This problem requires a courageous political vision. Vice President Almunia himself recognises this when he says: “There is no doubt that the power held by Google poses numerous challenges to our economy and to our society.” He even names some of the “concerns”: … “…the way the Android environment works, the gathering and use of vast amounts of personal data, the use of third party content and compliance with intellectual property rights, and tax planning practices”. All this, he writes, “equally deserve the attention of public authorities.”. I agree but Mr Almunia prefers to address only his own “piece in this puzzle” and hopes the others will be addressed “using the right policy argument”. This is undoubtedly the best way to go about never finishing a puzzle.

Gate keeper and rule maker

Commissioner Almunia’s letter talks about how effective competition will be restored by allowing users “to make qualified decisions when they use [Google’s] search engine”. This means that the proposed deal does not even attempt to address the unlawful means by which Google became the de-facto gate keeper and rule maker of the Internet and focuses on how to “prevent malpractice” in future as opposed to remedying past abusive behaviour. Commissioner Almunia claims that the Commission has no power to deal with these issues which, in the light of past Commission practice, seems highly improbable and a huge step backwards in antitrust enforcement in Europe.

The Vice President fails to explain why this latest version of the proposed deal is materially better than the previous two versions which were roundly rejected, including by Commissioner Almunia himself.

In fact the proposed “solution” may well make matters worse. Google will remain free to continue manipulating search results to favour its own vertical search services and punish rivals. Rather than commit to cease this illegal practice, Google will allocate space on its results page to competitors while simultaneously charging them profit-maximising prices for access. This is worse, not better, for competition, and would further entrench Google’s monopoly stranglehold on the Internet.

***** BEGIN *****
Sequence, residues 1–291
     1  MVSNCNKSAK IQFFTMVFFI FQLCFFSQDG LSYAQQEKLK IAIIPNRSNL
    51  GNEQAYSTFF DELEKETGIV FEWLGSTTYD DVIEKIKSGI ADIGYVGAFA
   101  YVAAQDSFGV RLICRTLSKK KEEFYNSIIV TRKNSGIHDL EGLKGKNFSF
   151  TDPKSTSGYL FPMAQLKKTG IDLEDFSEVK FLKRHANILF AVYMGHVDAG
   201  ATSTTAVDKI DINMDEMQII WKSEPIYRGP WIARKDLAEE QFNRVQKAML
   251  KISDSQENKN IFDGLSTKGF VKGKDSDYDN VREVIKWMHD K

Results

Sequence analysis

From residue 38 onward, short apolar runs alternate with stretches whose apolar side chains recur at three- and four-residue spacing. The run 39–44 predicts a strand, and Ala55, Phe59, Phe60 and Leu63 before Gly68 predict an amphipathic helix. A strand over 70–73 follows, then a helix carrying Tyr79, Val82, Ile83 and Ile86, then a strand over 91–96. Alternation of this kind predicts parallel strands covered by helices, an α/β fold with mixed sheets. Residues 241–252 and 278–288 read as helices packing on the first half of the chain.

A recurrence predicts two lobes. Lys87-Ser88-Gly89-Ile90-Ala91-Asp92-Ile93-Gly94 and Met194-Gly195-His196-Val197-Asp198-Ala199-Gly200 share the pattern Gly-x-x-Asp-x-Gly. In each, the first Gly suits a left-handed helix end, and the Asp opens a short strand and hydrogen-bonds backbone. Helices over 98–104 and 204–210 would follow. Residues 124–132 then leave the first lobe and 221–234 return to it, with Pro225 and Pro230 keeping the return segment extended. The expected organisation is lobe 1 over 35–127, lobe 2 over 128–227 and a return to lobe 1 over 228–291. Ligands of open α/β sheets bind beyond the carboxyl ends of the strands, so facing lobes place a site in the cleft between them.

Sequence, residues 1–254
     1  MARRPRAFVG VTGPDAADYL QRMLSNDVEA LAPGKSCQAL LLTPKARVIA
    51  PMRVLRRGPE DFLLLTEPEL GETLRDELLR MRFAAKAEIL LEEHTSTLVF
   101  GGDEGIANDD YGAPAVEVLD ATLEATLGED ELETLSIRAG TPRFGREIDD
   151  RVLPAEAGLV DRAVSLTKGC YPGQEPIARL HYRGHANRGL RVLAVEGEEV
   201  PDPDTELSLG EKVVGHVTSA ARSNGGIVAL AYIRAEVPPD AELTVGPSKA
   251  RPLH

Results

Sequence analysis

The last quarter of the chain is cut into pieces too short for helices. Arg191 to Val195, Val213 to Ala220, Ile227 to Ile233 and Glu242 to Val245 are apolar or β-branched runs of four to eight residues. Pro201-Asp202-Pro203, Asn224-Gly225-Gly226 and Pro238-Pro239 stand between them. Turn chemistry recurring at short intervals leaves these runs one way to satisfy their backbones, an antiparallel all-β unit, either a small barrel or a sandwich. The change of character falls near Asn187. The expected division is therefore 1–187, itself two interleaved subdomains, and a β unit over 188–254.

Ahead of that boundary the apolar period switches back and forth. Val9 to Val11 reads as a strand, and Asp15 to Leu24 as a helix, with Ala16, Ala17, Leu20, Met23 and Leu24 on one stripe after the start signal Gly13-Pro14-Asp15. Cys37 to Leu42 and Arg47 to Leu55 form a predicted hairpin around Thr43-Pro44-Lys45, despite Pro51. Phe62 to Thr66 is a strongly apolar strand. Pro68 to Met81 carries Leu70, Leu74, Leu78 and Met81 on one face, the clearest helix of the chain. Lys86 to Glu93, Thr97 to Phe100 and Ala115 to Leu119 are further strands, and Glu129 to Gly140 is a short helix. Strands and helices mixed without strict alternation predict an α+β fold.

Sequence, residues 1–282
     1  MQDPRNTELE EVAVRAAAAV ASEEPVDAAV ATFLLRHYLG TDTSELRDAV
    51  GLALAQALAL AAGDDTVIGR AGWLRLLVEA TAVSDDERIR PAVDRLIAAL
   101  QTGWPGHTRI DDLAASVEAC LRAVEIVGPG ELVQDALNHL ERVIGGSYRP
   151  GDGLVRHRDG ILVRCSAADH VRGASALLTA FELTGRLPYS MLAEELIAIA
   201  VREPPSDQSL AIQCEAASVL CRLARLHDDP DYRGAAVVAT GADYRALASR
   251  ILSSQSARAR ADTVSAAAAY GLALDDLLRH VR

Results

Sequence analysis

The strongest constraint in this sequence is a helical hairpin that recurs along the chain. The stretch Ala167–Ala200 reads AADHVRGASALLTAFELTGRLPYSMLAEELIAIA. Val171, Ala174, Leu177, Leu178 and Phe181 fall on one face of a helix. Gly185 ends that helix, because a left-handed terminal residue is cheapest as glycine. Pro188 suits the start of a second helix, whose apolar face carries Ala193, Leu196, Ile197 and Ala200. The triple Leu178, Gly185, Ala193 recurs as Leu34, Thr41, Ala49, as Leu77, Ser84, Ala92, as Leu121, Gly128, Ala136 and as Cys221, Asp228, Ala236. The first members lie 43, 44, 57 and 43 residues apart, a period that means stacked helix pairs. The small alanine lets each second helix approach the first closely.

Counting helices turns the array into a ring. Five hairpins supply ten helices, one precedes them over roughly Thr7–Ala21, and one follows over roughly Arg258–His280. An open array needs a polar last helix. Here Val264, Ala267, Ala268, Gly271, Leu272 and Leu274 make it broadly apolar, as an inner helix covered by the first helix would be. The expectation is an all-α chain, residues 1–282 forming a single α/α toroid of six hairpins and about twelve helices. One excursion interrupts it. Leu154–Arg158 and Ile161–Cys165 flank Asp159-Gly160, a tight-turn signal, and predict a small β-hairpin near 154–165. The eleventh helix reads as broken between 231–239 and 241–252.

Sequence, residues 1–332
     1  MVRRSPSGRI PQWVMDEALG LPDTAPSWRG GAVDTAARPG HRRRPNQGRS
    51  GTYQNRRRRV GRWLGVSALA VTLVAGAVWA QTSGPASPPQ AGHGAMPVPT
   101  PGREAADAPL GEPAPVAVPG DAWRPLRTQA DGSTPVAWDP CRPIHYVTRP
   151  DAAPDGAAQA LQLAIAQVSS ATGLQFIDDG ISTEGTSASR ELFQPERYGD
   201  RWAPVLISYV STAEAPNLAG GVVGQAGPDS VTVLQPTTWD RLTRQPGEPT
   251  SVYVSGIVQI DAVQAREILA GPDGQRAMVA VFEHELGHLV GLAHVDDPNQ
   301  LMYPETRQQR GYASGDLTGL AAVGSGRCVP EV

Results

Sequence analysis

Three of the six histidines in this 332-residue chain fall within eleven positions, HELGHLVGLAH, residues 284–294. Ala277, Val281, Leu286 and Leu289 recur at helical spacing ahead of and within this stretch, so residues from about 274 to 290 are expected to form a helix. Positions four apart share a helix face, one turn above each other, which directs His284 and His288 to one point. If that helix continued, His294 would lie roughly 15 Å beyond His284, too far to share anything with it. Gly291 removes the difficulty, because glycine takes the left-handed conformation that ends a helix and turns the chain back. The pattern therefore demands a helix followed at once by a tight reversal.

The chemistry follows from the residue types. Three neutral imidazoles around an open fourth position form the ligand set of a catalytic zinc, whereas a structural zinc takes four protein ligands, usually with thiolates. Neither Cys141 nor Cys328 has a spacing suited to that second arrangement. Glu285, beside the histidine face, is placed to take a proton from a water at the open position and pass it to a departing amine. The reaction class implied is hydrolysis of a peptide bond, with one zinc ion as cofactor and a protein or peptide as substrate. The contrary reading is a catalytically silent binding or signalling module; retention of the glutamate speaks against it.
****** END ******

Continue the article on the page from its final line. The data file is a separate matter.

Paying more for less

One of the grounds on which Commissioner Almunia seeks to defend Google’s proposal against its many critics is by arguing that the Commission “cannot dictate to Google how it has to design its website.” No, it should however tell Google it can no longer design its website in a way that discriminates against its competitors whose content is more relevant to users’ queries.

This principle of non-discrimination is well established in EU case law, and using it here would provide a much more effective means of restoring competition and a straightforward remedy to Google’s illegal conduct.

Another way in which the proposed deal fails is in relation to the proposed auction mechanism. Commissioner Almunia argues that Google’s proposed auction mechanism would not generate additional income for Google. This is incorrect. By obliging competitors to move from natural search results, for which they contribute content in return for free listing, towards the auction mechanism, Google would be charging its rivals and undermining their ability to compete. This vicious circle will incentivise Google to continue to reduce the usefulness of natural search and consumers will end up paying more for less (a clear sign of monopoly abuse).

A laughable caveat

Another key area where the third parties, complainants and consumers differ from Commissioner Almunia is in relation to data protection/ privacy and intellectual property. As has been made clear repeatedly, we are not asking Commissioner Almunia to apply the data protection rules or to arbitrate intellectual property disputes. What we are asking, in accordance with past and indeed very recent Commission practice, is for these issues to be taken into account where they are relevant for the assessment of market dominance or the analysis of abusive behaviour.